NIE's credit status could be downgraded by rating agencies
Northern Ireland Electricity's credit rating is at risk of being downgraded because of a row with the utility regulator.
Two ratings agencies - Fitch, and Standard and Poors - have now issued a warning to investors saying that NIE is a more risky investment.
This is because of a disagreement with the regulator over his refusal to allow an increase in electricity prices.
NIE operates the supply grid and claims power lines and poles need upgrading.
The company is in negotiation with the regulator about how much it can charge customers for improvements to its network.
Oliver Schuh, a director of the ratings agency Fitch, spoke of the downgrade possibility.
"In am reasonably confident that the minus rating, which it has at the moment, wouldn't stay there," he said.
"I am quite confident that if these proposals don't change, then there would be a downgrade."
NIE's managing director, Joe O'Mahony, said much of Northern Ireland's rural electricity network dated back to the 1960s and 70s and would need "substantial investment over the coming years to ensure it is fit for future needs".
"We believe strongly that the utility regulator's final proposals for the next five years should allow NIE to efficiently finance the modernisation of Northern Ireland's ageing electricity infrastructure to improve its future reliability, support economic development and facilitate the NI Assembly's renewable energy targets," he said.
The Utility Regulatory, Shane Lynch, said the regulatory process had not yet concluded but claimed the funding proposals that NIE had submitted to his office "would see prices go up significantly" for customers.
He told BBC Radio Ulster that his job was both to "make sure NIE has enough money to maintain a reliable and safe network" but also to ensure that NIE customers paid "a reasonable price, but no more than that".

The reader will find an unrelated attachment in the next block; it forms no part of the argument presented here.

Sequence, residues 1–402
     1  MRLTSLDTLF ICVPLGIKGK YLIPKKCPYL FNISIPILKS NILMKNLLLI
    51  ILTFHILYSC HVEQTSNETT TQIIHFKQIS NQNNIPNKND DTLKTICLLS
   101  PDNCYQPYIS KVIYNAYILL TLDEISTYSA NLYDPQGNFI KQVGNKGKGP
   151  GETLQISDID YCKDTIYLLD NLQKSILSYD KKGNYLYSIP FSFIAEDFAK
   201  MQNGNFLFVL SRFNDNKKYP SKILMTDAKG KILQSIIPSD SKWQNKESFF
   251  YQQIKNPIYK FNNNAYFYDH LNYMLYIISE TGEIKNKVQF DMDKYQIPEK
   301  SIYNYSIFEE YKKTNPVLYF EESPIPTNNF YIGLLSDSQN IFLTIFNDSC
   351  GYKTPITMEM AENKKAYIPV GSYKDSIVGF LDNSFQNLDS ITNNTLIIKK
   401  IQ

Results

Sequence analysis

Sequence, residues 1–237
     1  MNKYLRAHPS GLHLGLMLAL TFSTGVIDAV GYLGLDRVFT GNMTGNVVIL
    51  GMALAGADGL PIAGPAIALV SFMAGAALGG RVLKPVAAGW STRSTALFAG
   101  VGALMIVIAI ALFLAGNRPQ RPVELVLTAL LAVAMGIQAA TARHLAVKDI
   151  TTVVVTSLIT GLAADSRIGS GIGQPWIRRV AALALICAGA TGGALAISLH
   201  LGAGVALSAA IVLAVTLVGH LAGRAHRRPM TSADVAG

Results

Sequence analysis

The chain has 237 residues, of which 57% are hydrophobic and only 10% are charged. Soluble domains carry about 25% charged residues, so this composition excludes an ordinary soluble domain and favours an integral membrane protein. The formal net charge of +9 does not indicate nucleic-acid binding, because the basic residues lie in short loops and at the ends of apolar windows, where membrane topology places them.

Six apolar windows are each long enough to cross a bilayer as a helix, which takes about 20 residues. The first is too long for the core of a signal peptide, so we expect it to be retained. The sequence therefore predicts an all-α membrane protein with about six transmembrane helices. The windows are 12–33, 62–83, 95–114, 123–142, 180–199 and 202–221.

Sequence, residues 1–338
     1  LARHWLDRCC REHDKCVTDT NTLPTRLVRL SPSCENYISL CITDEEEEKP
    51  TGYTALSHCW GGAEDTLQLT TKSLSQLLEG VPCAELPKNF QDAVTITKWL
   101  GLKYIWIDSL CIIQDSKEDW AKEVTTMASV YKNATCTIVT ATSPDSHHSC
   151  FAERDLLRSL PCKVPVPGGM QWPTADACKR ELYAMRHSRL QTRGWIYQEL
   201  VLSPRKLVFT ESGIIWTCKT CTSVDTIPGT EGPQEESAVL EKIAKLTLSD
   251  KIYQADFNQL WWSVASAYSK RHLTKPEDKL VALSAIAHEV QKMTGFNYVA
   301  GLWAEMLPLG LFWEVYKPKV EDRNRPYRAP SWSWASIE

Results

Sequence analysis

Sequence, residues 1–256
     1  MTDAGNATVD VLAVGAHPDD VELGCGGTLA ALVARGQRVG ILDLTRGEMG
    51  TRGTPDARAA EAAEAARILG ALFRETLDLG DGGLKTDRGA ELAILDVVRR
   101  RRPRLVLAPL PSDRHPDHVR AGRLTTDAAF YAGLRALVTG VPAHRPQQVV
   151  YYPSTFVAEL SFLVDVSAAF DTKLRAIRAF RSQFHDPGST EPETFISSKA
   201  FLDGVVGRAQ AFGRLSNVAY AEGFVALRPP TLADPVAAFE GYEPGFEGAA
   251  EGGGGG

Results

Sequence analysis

Mr Lynch said he had to bear in mind that levels of fuel poverty in Northern Ireland had reached "almost 50%" and he had a responsibility to protect consumers in "very difficult times of economic recession".
He said that, overall, NIE "have asked for something like £1.1bn" whereas his office was proposing a funding model of just over half that amount, in the region of £600m.
He said the lower amount was "still consistent with the level of investment we've had in the industry and the network over the last five years or so".
The regulator was also asked about claims that his office had made its draft determination on NIE's future funding without one staff member visiting a single site to assess the state of the company's ageing infrastructure.
He said site visits were not "standard practice".
"What you do is you do assessment of the assets based on the data and information that's provided by the company."
Mr Lynch said he had worked in the industry for 27 years and insisted that both he and his team had "a very clear understanding" of the needs of NIE.
The regulator also reiterated that his office had not yet reached "a final determination" and would look carefully at all the information submitted as part of a recent consultation on the issue "to see if we can see any evidence that would make us change our mind".
He claimed it was "not untypical for a rating agency to put a company on rating watch negative" during an uncertain price control period and pointed out that Fitch had done the same to other companies in Great Britain.
Mr Lynch also said that if NIE still felt that its funding was inadequate when he makes his final decision it could make an appeal to the Competition Commission.
You can hear more from the Fitch ratings agency and the utility regulator on BBC Northern Ireland's business news podcast